Dear World, (that includes you – advertisers, media, Hollywood, and fashion designers)
As the saying goes, “Reports of my death have been greatly exaggerated.”
As women over 50, we battle that “report” on a daily basis, sometimes almost believing it ourselves. Who’s to blame us? We certainly rarely see ourselves represented in the media. When was the last time you saw a face that wasn’t completely free of lines staring back at you from the pages of a magazine? Even ads used by doctors promoting the latest collagen or fillers show the face of a 20-something with a needle poised at the corner of her unlined eye.
What are they trying to say? That women in their 20s need to start using these products? That over 50 women will look like that if we visit their offices often enough? Please.
We weren’t born yesterday. As you keep reminding us.
The demographic advertisers target most often is not ours, even though our generation spends $400 million more annually on consumer goods and services than any other generation.
There are a handful of women in Hollywood celebrated for “growing old gracefully.” Helen Mirren, Judy Dench, and Jane Seymour, to name a few, look as one would imagine women of their ages to look. Beautiful, lined faces that show the effects of a life well-lived. They don’t appear to be hiding their laugh-lines or creases around their mouths.
At the other end of the spectrum is the woman who pulls the focus at every red carpet event—the one who looks at least 30 years younger than she is. I’m talking about the unicorn: 83-year-old Jane Fonda. Not many can successfully pull off the age-defying magic she has. And that’s not making it any easier on the rest of us who have neither her pocketbook nor her time. (Or the phone number to her plastic surgeon.)
In the business world, we hear of women 50 and over being “pushed out,” their roles minimized, and their experience written off. Even if they have been in the business world for over 30 years, keeping up and adapting to new technologies along the way, women over 50 are seen by co-workers as “grandmothers” who always need help with their remote controls. How could they possibly be tech-savvy? Better put them out to pasture before they cause any damage!
At this stage in life, women face greater challenges than ever physically and emotionally. We may be dealing with health issues, divorce, or the loss of a spouse. Aging parents. Empty nests. (Or nests once empty that are filling back up.) Just when you thought things were winding down in the stress department, it cranked back up. You looked around for guidance. Support. A voice in the darkness. Anything. And that’s when you noticed it. Like the photo of Michael J. Fox’s character Marty in the movie Back to the Future, your image and that of others like you seemed to be fading away.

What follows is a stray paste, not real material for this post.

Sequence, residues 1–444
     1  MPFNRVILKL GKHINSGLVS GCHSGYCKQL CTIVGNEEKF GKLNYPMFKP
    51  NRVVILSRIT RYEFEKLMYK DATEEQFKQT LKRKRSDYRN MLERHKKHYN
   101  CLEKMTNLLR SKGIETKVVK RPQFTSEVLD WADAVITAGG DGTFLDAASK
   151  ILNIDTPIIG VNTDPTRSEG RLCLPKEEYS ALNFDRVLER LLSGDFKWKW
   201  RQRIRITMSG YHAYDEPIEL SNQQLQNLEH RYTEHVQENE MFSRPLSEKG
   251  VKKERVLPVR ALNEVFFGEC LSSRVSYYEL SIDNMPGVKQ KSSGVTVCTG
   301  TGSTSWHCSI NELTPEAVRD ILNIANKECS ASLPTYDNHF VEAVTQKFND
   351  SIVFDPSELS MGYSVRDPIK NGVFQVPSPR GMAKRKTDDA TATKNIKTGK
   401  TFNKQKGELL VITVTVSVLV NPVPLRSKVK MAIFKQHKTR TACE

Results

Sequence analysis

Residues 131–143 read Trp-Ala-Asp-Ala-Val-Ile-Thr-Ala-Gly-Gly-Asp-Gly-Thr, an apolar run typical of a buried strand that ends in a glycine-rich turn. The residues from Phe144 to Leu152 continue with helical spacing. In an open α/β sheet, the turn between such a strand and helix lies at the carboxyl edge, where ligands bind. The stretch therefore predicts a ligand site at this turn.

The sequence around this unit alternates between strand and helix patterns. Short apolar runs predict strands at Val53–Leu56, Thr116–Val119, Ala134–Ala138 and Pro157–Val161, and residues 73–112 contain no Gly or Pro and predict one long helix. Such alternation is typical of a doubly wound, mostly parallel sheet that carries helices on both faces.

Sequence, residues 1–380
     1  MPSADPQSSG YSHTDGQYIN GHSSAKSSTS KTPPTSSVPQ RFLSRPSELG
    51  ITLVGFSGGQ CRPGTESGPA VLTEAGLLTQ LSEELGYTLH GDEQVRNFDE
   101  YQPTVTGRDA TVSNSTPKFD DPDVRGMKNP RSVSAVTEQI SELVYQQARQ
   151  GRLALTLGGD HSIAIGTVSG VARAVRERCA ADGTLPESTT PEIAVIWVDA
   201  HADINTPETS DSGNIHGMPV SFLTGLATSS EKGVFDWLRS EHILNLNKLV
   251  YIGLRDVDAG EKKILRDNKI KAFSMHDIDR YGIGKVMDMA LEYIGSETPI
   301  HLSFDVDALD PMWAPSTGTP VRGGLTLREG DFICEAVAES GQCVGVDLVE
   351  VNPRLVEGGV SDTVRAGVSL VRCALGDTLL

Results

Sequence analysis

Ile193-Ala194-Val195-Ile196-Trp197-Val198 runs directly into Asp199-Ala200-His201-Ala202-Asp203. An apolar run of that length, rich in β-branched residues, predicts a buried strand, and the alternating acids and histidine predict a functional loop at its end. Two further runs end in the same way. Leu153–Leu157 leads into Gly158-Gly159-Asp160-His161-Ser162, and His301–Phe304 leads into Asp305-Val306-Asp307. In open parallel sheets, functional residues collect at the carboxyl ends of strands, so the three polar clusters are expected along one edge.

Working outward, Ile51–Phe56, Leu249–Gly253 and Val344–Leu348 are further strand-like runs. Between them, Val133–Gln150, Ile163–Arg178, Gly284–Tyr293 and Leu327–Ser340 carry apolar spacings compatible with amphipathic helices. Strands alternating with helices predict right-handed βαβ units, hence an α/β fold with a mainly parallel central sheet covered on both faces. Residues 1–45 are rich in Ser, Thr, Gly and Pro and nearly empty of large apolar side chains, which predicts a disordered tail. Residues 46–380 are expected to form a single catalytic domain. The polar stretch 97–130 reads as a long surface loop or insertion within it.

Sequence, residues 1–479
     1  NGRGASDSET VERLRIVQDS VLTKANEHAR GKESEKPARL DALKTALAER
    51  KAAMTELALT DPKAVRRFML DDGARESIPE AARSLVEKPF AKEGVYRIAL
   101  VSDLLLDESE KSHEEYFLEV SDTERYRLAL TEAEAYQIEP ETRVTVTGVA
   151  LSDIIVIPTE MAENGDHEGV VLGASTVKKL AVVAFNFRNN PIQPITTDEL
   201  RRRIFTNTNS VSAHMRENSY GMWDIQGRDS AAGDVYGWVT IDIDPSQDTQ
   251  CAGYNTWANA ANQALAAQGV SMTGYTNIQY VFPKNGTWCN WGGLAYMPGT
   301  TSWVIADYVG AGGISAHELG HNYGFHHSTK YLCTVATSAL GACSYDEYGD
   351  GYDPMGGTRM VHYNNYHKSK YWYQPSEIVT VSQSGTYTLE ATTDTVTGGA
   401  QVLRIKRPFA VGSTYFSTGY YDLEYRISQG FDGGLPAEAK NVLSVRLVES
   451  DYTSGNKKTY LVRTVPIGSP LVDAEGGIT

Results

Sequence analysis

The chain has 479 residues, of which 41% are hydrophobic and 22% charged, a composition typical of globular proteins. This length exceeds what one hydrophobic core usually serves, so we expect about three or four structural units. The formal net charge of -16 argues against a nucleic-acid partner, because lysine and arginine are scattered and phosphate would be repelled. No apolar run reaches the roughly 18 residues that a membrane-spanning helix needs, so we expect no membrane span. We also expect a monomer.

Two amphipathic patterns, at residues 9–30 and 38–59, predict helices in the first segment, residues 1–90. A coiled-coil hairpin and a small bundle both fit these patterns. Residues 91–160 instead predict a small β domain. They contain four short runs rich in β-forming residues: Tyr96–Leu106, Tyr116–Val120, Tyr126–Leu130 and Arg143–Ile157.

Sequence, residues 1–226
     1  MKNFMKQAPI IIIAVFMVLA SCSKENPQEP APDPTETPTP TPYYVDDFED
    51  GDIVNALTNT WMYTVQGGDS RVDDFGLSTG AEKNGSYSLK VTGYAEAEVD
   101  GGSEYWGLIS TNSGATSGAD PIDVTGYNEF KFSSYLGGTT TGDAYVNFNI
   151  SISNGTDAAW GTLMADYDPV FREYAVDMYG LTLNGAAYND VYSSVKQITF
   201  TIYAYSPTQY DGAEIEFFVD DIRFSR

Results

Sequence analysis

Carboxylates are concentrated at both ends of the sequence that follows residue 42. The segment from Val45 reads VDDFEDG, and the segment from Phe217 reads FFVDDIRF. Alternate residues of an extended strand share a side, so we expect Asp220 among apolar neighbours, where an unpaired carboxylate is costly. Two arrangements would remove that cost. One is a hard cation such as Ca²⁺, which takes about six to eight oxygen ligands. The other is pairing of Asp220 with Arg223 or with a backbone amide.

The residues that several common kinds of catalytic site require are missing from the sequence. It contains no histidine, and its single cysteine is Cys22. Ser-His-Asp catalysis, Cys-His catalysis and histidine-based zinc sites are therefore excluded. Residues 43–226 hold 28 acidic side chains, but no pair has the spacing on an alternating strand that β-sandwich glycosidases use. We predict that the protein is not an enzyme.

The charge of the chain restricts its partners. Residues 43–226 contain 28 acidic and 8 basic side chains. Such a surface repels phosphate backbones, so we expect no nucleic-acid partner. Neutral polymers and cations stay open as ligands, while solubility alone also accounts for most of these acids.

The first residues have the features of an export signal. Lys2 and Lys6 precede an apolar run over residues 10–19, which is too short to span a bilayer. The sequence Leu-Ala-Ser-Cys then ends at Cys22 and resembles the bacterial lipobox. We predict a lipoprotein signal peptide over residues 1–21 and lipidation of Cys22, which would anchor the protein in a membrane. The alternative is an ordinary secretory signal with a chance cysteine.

Despite it often feeling the world is through with us women over 50 – we aren’t through with it. And, as you know, once we set our minds to something, there is no stopping us. That’s why PrimeWomen.com was started.
It is our sincere goal to achieve global domination. Okay, maybe that’s overstating. But it IS our goal to represent our generation – and the generations of women who will follow us into the land of 50+. Along the way, we as a publication face a few challenges we hope to eventually conquer. For one, finding photos of women to use in our articles that represent what we “perennials,” “boomers,” and “plussers” actually look like is a daunting task. Models are either in the “possibly a teenager who needs to eat a sandwich” category or the white-haired, cookie-baking, orthopedic shoe-wearing variety. (Not that there’s anything wrong with that – but where are the rest of us?)
Where are the fashionable, professional, active women we have in our lives on a daily basis? The ones who broke barriers and glass ceilings? It’s truly disappointing when our editors choose clothing for our readers with attributes that flatter the figure of women over 50. The product photos used by retailers all feature size zero, 20-somethings that make us want to scream. How great would it be to see clothing for us, worn by us?
When it comes to health, wellness and fitness, we’ve attracted contributing writers who are specialists in their fields. They’re over 50, 60, and 70 and can speak to the issues we face. They can instruct us in the types of exercise we can do safely, the types of healthful practices we can adopt, and guidance about what’s happening to us emotionally and mentally. You can’t get that kind of authenticity from an inexperienced just-out-of-college writer at fillintheblankpublication.com
When our authors talk about makeup, hair care, dating, or the search for a new job or second act, they speak from personal and professional experience and from the heart.
As the first generation to occupy the C-suite, the board room, and the bedroom with equal success, we owe a paradigm shift to ourselves, our daughters, and our granddaughters. One day they will be celebrating those milestone birthdays, and they shouldn’t be made to feel invisible, irrelevant, or like they need to step aside. If anyone can make that happen, we can. Together.
Speaking of which, if you have a story to share, send it to us at [email protected]. What have you faced and won? What are you still battling? We’d love to see your photos, too. We will share with our readers so we can all celebrate together that women over 50, 60, and 70+ are not going to go quietly. #over50notdead
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